GuilfordWorks Annual Report PY2020-21
An interactive publication of the GuilfordWorks Program Year 20-21 Annual Report.
P Y 2 0 2 0 - 2 1 A N N U A L R E P O R T Excellence Through People
PLUS SPECIALREPORT: COVID-19REVIEW An overview of GuilfordWorks’ response during a global pandemic
connect with us online at guilfordworks.org
T A B L E O F C O N T E N T S
From Our Director Board Of Directors
Data/performance, V-Series, Virtual Job Fairs
STRATEGIC INITIATIVES/PARTNERSHIPS Community Conversations Operation Workforce Recovery
State of the Workforce Covid-19 Recap
ZipWhip | Up360
STRATEGIC INITIATIVES/PARTNERSHIPS Coursera, CE-Oh!
Emerging Workforce Center
Mission & Vision | Strategic Plan | Committees
VOS Greeter | Adobe Sign
ADULT AND DISLOCATED WORKER SERVICES Key Accomplishments, Overview and Services, Job Fairs 12 Success Stories 13
MARKETING & COMMUNICATIONS Performance Year Highlights
Career Center Redesign
Key Accomplishments, Overview and Services, Virtual Workshops 14 Success Stories 15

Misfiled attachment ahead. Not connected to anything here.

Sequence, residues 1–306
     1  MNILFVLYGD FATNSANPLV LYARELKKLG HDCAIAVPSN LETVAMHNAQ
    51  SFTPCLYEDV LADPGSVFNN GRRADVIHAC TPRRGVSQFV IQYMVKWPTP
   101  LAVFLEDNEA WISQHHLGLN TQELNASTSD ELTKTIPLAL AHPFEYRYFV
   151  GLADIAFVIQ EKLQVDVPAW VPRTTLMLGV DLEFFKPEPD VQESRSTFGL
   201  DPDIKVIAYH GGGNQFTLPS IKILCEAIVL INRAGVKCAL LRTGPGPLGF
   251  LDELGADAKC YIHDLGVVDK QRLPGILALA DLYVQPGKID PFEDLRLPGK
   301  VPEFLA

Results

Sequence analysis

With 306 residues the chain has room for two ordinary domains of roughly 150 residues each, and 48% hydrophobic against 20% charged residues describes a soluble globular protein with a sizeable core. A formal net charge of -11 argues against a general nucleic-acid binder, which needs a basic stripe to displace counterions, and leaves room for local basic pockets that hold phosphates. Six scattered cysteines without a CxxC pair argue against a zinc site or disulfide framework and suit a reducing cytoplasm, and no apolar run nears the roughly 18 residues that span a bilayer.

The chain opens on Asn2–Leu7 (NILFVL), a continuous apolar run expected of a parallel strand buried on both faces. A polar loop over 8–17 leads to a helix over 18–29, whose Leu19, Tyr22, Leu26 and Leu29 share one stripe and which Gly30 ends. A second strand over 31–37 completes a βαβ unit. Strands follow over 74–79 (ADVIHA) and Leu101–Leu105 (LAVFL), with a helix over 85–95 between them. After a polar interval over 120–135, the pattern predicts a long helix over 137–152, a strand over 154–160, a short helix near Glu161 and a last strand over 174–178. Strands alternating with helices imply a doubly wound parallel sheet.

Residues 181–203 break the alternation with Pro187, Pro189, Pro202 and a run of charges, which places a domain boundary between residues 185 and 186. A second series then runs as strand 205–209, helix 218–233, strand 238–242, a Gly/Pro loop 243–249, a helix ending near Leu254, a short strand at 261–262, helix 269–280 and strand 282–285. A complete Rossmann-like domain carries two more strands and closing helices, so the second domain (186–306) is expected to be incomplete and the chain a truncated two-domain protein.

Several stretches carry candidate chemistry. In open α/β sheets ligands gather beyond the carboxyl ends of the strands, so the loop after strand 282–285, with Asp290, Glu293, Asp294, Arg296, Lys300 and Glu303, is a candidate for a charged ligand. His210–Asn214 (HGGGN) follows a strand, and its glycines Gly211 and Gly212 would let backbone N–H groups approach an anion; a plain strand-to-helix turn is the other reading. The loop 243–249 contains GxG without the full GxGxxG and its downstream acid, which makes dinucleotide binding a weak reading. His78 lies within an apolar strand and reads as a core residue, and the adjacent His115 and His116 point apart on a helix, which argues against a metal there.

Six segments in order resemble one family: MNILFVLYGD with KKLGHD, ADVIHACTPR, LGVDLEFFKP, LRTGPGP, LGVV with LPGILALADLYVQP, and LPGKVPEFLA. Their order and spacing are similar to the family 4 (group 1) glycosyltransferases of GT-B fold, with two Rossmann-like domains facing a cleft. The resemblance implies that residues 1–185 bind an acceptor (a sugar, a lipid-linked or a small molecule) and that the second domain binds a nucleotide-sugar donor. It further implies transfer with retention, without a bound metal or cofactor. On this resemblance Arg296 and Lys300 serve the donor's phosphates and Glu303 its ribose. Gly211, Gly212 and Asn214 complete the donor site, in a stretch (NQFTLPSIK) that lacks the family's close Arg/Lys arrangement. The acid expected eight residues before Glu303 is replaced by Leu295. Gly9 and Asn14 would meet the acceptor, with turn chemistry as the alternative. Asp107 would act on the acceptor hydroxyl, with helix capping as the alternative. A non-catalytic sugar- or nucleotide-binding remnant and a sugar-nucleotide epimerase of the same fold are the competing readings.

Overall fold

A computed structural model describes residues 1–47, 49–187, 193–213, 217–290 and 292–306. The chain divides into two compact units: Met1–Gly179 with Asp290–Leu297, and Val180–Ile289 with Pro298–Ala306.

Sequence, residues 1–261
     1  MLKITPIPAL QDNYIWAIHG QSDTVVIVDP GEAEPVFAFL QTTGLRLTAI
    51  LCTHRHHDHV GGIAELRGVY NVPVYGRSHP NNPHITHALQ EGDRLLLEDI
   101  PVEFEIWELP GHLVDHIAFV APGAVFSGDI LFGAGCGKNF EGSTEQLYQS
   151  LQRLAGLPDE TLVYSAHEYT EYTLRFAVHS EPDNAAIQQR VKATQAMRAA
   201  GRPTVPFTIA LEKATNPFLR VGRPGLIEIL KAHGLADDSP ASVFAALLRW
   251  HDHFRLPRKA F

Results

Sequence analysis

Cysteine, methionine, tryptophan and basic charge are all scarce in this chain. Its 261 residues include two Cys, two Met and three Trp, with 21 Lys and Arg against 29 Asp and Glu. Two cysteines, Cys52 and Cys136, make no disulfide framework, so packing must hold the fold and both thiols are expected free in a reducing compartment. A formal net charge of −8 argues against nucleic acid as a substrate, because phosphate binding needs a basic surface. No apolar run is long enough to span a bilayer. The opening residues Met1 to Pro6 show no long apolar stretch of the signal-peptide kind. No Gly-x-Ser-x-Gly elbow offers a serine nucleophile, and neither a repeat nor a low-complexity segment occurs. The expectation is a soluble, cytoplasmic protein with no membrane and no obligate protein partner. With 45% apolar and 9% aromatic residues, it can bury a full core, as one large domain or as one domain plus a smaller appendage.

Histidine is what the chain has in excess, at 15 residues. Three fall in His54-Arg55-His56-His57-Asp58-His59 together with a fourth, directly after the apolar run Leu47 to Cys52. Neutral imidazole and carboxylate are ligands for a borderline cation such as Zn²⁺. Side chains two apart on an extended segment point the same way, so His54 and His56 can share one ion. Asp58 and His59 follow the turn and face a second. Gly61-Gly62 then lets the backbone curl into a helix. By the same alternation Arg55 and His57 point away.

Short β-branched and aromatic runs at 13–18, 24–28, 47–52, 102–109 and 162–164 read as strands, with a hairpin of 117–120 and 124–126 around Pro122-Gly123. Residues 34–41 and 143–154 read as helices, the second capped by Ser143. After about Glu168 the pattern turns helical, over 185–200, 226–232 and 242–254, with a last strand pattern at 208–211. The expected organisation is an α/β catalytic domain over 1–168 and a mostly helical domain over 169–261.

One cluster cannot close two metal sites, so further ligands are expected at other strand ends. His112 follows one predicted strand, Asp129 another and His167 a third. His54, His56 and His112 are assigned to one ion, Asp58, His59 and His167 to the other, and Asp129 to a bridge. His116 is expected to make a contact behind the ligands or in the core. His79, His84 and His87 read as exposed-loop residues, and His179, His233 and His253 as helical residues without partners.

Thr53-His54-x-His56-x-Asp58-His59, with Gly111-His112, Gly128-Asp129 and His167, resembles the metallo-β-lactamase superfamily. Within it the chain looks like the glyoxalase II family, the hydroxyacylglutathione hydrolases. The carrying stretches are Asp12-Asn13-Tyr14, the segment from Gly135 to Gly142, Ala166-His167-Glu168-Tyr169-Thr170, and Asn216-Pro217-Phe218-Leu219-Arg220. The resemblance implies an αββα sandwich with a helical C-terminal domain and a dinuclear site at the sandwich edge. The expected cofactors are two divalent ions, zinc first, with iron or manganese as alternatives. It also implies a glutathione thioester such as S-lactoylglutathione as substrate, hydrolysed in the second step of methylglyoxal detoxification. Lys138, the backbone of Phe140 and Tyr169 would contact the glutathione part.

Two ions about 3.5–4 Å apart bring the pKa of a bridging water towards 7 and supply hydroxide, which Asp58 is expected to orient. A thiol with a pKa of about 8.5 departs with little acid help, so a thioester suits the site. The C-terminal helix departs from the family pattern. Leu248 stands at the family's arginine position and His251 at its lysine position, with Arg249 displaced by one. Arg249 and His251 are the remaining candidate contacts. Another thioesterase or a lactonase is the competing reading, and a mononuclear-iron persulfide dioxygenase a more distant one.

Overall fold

Mobile Career Center
PERFORMANCE DASHBOARD A Look at the Numbers
Governor’s Award (Code Guilford) Local Innovations Spotlight (Coursera)
Two Hawk, EDSI, NCDOC
T O O U R S T A K E H O L D E R S
2020 : A YEAR OF “FUNDAMENTAL CHANGE” 2020 was challenging, in several ways, for businesses and residents throughout our community. We continued to navigate a public health crisis that disrupted the lives of tens of thousands of workers in Guilford County. Hundreds, if not thousands, of businesses significantly reduced their workforce or permanently laid-off workers. These actions created an unexpected economic crisis, resulting in our community’s unemployment rates soaring as high as 16-17%, representing nearly 44,000 individuals who were laid off or had their hours reduced to the point where they had to rely on state/federal unemployment benefits. Highly-marginalized populations, notably those in black and brown neighborhoods, were disproportionately impacted by the pandemic – with some communities experiencing unemployment rates as high as 24-25%. Despite these challenges, we witnessed the resiliency of our community. We observed the creativity of local businesses, shifting practices to ensure that existing and returning employees could safely return to the workplace.